Planning with Water, Part 5

As part of our multi-part series, Planning With Water, let me ask the question: What does it mean when we don't plan with water? As we have discussed in prior posts, unlimited consumption, pollution, outdated treatment and distribution systems, and diversion from direct human need to the exponential demands of industrial agriculture are evident in most cities and nations where population growth has created an ever-increasing demand. When you examine these specifics, you find that water management has been ever problematic, taken for granted, an essential resource otherwise left un-conserved and un-protected against any change in use, demand, or circumstance.

Let's take a look at the city of São Paulo, the largest and richest metropolis in Brazil, some 20 million inhabitants located in a country of glaciers, mountains, the Amazon River watershed, other river systems, and a collection of large dams designed to exploit to the maximum what seemed to be inexhaustible water. Brazil, the "Saudi Arabia of water" as repeatedly described in press and financial reports.

But today the press describes a very different picture. In a February 16 article in the New York Times, "Taps Start to Run Dry in Brazil's Largest City" by Simon Romero, São Paulo is described as "a dystopian situation" where the city water pressure is critically diminished, taps are beginning to run dry, rationing is predicted, basic sanitation and hygiene are threatened, and water anarchy may be the outcome when the available supply is finally exhausted.

How can this have come to pass? First, the vast amount of water available has grown a culture of unlimited consumption and expectation. So much water has nurtured a pattern of indiscriminate use and social and political indifference. The economy of the city, indeed the nation, is based on an assumption of unlimited supply. In a past Planning with Water post, however, we discussed what is called "non-revenue" water, that which is leaked, stolen, wasted or otherwise not used or paid for as a result of rusted pipes, pumps, and valves, and long-deferred system maintenance or equipment replacement over time. Some 30 percent of the São Paulo water supply is estimated to be lost to such mismanagement -- one third discarded without compensating return!

As city grew to mega-city, from slums to industrial areas, to commercial towers to suburban homes, the luxury of water was a given. But that same expansion and growth has had its concomitant, contradictory side effects in the form of vast volumes of water required for manufacturing, polluted, deposited in the local rivers and removed from the water cycle and thereafter unavailable for human use. To meet the demand of growing population and need for urban space, wetlands were filled, surrounding areas were cleared and constructed, and reservoirs were left inadequate to store the increase volume required. Deforestation of the rain forest changed the local micro-climate of the region, increasing run-off, erosion, and rainfall patterns. More importantly, the more extreme changes in global warming and weather patterns, rising temperatures, and storms resulted in the larger affect of reduced mountain melt, induced drought, increased the demand for irrigation, and otherwise rapidly constricted the water capacity of the nation and undermined the economy on which the nation depends.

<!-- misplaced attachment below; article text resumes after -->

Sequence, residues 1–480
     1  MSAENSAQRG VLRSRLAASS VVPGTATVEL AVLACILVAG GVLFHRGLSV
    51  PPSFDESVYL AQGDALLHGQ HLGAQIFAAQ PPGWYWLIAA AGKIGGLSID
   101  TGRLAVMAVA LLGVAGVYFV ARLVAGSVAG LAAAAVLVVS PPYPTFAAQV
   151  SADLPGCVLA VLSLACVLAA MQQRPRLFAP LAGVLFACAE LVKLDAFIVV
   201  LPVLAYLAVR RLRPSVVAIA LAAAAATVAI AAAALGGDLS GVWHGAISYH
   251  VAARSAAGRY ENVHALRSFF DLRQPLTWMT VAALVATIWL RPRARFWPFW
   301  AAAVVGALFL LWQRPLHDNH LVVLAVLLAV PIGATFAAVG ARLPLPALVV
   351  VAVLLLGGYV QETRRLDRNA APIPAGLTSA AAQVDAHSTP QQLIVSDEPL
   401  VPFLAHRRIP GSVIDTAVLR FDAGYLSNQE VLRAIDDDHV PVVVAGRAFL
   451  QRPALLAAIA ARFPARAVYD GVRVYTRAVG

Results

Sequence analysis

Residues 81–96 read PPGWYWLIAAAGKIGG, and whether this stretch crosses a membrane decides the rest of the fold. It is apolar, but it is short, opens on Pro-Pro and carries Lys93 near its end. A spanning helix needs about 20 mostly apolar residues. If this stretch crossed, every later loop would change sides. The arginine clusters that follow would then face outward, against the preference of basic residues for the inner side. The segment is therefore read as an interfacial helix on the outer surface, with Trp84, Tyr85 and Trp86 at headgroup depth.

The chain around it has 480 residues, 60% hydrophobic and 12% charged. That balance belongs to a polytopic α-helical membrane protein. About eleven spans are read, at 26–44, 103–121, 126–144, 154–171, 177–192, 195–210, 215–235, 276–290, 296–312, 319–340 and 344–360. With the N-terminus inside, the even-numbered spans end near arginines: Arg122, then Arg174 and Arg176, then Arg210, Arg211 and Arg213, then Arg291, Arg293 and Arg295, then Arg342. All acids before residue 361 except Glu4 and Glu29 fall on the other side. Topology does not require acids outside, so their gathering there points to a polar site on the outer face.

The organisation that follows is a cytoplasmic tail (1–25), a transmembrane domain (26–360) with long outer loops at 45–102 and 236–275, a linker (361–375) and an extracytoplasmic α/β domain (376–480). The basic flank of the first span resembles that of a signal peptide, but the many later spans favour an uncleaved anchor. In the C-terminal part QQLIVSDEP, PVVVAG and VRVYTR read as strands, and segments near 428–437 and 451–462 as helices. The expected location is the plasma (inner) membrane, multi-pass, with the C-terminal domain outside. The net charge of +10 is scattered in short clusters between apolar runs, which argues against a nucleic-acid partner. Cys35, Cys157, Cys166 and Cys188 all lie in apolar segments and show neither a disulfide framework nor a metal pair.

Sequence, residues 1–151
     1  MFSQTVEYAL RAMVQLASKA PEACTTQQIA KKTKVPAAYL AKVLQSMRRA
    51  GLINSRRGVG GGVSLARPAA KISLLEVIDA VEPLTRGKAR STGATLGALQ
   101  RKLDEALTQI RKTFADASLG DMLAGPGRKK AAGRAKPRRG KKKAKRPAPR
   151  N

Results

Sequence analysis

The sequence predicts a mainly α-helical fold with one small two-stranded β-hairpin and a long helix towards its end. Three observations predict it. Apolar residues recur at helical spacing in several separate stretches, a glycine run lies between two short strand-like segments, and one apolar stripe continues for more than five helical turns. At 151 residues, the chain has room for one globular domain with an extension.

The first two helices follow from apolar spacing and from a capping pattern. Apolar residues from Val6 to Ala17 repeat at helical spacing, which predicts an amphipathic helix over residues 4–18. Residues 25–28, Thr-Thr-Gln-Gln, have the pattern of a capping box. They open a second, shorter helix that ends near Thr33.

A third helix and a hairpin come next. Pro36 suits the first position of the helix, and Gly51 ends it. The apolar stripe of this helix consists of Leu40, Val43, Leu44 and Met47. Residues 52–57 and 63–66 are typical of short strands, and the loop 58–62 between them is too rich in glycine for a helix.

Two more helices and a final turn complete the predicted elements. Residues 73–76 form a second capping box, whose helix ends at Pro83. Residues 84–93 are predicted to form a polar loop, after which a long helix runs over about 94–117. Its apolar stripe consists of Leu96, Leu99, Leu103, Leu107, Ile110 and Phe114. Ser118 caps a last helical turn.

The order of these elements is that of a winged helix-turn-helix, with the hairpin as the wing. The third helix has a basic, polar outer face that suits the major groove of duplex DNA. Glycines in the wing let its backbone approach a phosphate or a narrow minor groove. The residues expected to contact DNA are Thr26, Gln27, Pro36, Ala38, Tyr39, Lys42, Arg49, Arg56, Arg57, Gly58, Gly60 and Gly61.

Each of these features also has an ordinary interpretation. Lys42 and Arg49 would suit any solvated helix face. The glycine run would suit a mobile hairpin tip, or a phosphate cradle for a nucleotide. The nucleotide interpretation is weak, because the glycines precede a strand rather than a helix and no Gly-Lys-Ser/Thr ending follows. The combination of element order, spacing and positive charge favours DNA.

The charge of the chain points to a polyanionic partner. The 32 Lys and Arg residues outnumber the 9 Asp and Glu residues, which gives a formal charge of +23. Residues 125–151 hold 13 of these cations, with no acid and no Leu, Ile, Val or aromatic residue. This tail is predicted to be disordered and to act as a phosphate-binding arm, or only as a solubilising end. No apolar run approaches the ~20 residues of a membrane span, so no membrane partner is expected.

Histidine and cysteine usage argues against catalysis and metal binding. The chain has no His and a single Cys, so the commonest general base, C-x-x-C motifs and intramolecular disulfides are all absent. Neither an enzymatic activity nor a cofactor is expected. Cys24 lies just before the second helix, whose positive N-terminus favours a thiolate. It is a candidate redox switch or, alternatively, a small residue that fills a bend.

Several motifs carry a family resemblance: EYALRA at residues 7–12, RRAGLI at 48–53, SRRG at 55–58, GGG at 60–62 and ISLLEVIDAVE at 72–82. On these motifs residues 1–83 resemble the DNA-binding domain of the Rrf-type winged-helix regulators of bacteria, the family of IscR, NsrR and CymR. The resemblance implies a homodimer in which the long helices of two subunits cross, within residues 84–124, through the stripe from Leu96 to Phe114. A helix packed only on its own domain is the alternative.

The city of São Paulo is now faced with drastic water-rationing, perhaps supplied just two days per week, the need to truck water from sources away, the threat of a resultant black market for water, compromised sanitation and possible resultant spread of disease, regional competition between water haves and water have-nots, financial decline, increased unemployment, and even the cancellation of Carnival celebrations and related tourism. The disruption of the predictable supply of water on the basis of daily need is a certain prelude to social and political unrest.

The politicians and managers, for whatever reason, postponed or ignored the problem, and one assumes will be held somehow accountable. But that is not good enough. This crisis, long in the making, will also be long in its solution. It will require time, immediate action, leadership, community engagement, and major investment of public funds. And São Paulo is not the only city in Brazil, in South America, North America, Europe, or Asia where similar conditions exist, an incipient crisis evident as a predictable result of climate change, lack of foresight, indifferent management, irresponsible policy, failed investment in alternative systems and behaviors, and political cowardice.

I often ask in these posts, "What will it take?" What will it take to meet the challenges of our global environmental disconnection and natural resource abuse? Will we wait until it's too late, for the loss of what nature provides, for the crisis in health and welfare, for war and anarchy to make it better?

Our last chance for water is the ocean. What's the plan?

More from the "Planning with Water" series:
< Part 4
< Part 3
< Part 2
< Part 1